When a loved one passes on it is the most heart-wrenching experience a person can have. The feeling of loss is so monumental that it can be hard to function normally or even at all.
The feelings of loss can be just as profound if they have occurred due to divorce or the break-down of a relationship.
So how do you start over again and get your life into order after the loss of someone close to you?
Well it is never easy! The shock of the loss is mostly followed by a short period of denial as it can be hard to re-adjust and reorganise and “own” the truth of the situation.
It is very hard to cope if the loss experienced came unexpectedly or quickly. Present and future plans are also disrupted as is the everyday routine of the person left behind.
For most people this period of readjustment lasts at least one year. Birthdays, Christmas and other personal events and anniversaries are key times that must be experienced at least once without the other person for true healing to take place.
The first movement towards readjusting to the new situation without the person we love is to try to keep their memory alive. Some people feel that they need to continue with old habits such as setting a place at the table at meal time or leaving a space in the garage for the other person’s car.
However, for most people it is simply recalling events and looking through photo albums, old mailings and talk continuously about them etc.
Even though the death of a loved one leads to all-consuming grief and a period of depression sometimes losing a loved one due to divorce or separation can be harder to cope with.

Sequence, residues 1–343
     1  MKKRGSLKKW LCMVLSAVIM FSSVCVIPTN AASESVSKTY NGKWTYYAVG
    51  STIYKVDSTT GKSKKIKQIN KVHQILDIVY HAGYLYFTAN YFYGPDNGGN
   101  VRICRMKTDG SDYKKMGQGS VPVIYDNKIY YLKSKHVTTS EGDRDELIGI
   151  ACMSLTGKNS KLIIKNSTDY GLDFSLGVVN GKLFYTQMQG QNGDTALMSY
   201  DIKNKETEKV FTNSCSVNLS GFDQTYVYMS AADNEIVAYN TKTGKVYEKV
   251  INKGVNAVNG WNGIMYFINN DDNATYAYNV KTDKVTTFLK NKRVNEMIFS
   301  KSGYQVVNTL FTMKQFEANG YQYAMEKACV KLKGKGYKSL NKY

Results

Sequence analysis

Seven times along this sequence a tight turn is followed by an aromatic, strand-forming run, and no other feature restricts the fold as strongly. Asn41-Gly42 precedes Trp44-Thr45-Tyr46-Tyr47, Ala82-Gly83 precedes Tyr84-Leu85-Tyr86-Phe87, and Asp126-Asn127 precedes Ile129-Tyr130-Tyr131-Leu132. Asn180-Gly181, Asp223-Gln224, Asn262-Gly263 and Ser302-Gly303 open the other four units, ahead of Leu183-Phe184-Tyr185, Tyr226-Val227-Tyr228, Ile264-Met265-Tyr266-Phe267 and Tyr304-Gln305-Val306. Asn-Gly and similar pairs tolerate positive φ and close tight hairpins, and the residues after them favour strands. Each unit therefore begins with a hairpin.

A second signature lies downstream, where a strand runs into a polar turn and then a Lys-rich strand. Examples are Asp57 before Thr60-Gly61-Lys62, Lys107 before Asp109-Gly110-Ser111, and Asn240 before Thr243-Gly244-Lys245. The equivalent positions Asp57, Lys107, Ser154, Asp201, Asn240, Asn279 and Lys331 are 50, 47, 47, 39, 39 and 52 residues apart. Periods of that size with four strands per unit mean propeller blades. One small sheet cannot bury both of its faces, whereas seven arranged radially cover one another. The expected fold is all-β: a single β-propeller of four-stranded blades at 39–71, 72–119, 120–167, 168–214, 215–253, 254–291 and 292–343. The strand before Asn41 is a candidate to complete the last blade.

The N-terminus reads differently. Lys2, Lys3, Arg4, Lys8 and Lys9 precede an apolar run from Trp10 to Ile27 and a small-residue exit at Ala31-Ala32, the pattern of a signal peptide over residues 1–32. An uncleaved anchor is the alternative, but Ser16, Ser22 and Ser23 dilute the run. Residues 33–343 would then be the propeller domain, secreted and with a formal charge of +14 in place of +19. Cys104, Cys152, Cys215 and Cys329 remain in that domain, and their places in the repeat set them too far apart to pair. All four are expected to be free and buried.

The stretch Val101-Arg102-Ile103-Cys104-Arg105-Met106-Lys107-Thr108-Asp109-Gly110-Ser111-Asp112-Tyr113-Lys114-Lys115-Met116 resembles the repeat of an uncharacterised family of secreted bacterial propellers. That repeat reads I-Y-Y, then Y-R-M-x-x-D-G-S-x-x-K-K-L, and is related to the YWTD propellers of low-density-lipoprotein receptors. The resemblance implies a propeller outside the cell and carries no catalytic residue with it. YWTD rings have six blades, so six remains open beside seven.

There is a finality when a loved one passes away but when they leave it can lead to a longer period of denial which sometimes can last a life-time!
Even if this situation does not occur the feelings of rejection, arises from a failed relationship, must be tackled and this can cause a great deal of pain and suffering.
In a vain attempt to regain that relationship some people resort to strange or uncharacteristic behaviours that are detrimental to their growth as a person.
These behaviours not only affect the person involved but they also affect the person who has left and on many occasions those people who are close to both of them. This happens when a jilted lover will try to coerce or convince mutual friends or family members to intervene and force, cajole or convince the lover to return.
The problems that some people experience when they lose someone close to them is not that these behaviours are abnormal, the problems only arise when they find themselves stuck in these behaviours.
The grieving process is complicated but a human being is designed to deal with it. The only thing that makes the whole process bearable is being non-resistant to what is happening and not trying to stay stuck in any particular behaviour.